MARSEILLE: Fiji captain Waisea Nayacalevu says his country will be carrying the hopes of an entire region when they look to make history against England at the World Cup in Marseille on Sunday. The Flying Fijians are playing in the quarter-finals for just the third time. They are one of only three Tier II teams to have reached this stage of the competition—Samoa in 1991 and 1995, and Japan in 2019 -- but none of them have ever been beyond that. “We want to make history,” said Nayacalevu.

“We have a lot of support from neighbouring countries so we’re representing all the South Pacific.” It is not just the Pacific nations Samoa and Tonga cheering on Fiji, but all Tier II nations, said head coach Simon Raiwalui, who has become something of a global spokesman for those without a place at rugby’s top table.

“I’m proud to be Fijian but I’m also proud of the so-called developing nations, really pushing for the global game, how we improve it, create opportunities, how we break that barrier down,” he said. “This World Cup has been a fantastic example of other teams coming in... and playing fantastic rugby and putting on a spectacle for the world.”

In Fiji, the excitement has been building ahead of this match, with fans going to extraordinary lengths to watch their matches in the early hours of the morning. “We understand how hard outside the cities it is to get to watch the matches,” said Raiwalui.

“We’ve seen videos of people out in the boat or up on the hills just finding sources where they can get electricity, where they can get wifi just to watch the game. “We understand how much it means to them, we appreciate every supporter that we have and we just want to do the country proud”.

“We have a nation of 900,000 people that lives and breathes rugby,” he added. “And we have massive support from the French people that come to the ground.” That last point has not been lost on the England players, with replacement No.8 Billy Vunipola saying earlier this week that his team are happy to be “public enemy number one” in France. Fiji are most non-Fijians’ second favourite team.


‘Take your opportunities’

England coach Steve Borthwick has picked captain Owen Farrell at fly-half and dropped George Ford to the bench, despite his man-of-the-match displays in pool stage victories over Argentina and Japan. Raiwalui has known both fly-halves since they were children, when he was a player at Saracens.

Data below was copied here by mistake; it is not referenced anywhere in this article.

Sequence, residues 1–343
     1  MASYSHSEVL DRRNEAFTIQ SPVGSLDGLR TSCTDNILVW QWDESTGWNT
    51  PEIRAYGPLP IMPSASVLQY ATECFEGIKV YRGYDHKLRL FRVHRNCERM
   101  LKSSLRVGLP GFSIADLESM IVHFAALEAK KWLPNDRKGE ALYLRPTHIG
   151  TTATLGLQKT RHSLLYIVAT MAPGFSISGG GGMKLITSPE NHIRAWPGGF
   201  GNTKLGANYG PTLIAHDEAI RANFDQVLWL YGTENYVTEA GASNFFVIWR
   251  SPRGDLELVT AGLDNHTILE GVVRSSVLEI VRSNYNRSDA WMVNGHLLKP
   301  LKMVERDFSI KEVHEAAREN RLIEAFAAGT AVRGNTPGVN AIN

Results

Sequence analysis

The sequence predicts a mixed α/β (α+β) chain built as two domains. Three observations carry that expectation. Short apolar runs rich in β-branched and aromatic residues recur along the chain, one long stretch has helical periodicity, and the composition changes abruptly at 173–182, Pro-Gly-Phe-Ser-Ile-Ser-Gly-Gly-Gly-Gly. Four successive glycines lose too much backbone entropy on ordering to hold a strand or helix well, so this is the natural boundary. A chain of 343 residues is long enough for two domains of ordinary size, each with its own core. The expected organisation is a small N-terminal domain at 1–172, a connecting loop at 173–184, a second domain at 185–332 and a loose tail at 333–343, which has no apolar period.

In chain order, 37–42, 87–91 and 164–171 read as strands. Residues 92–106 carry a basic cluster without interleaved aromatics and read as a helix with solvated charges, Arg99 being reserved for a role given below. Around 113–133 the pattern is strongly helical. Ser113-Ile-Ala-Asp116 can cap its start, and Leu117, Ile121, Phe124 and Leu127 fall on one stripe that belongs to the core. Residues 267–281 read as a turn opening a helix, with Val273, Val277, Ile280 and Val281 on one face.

Ford’s father Mike was the coach and Raiwalui played alongside Farrell’s father Andy, who is now in charge of Ireland. “Both are world class players,” said Raiwalui. “Owen is obviously one of the best fly-halves in the world, week in, week out. “He’s good at all phases of the game. I think he gets quite a bit of unwarranted flak from his own home country, his own supporters sometimes. “He’s earned everything he has at the moment, he’s a fantastic player.”

England may be favourites in the quarter-final but it is less than two months since they suffered a shock first defeat to Fiji—and that at their Twickenham home. “It helps to have played against them not so long ago but at the same time we feel like we’ve moved on,” said Farrell.

“We’ve been building since then,” he added. Borthwick has urged his players to rekindle the spirit of 2007 -- his only World Cup as a player—and prove the doubters wrong. Then-reigning champions, England were largely written off after being hammered 36-0 by South Africa in the pool stage. But they bounced back to upset Australia and hosts France in the knock-out stages before losing narrowly to the Boks in the final.

“You’ve got to take the opportunities that are presented to you,” said Borthwick. “As a rugby player I thought I had an opportunity in 2003 and didn’t get picked. “I went in 2007 and thought I’d be there in 2011, but I wasn’t so I played in (only) one tournament. “I want the players to embrace this challenge and have the time of their lives representing England.” – AFP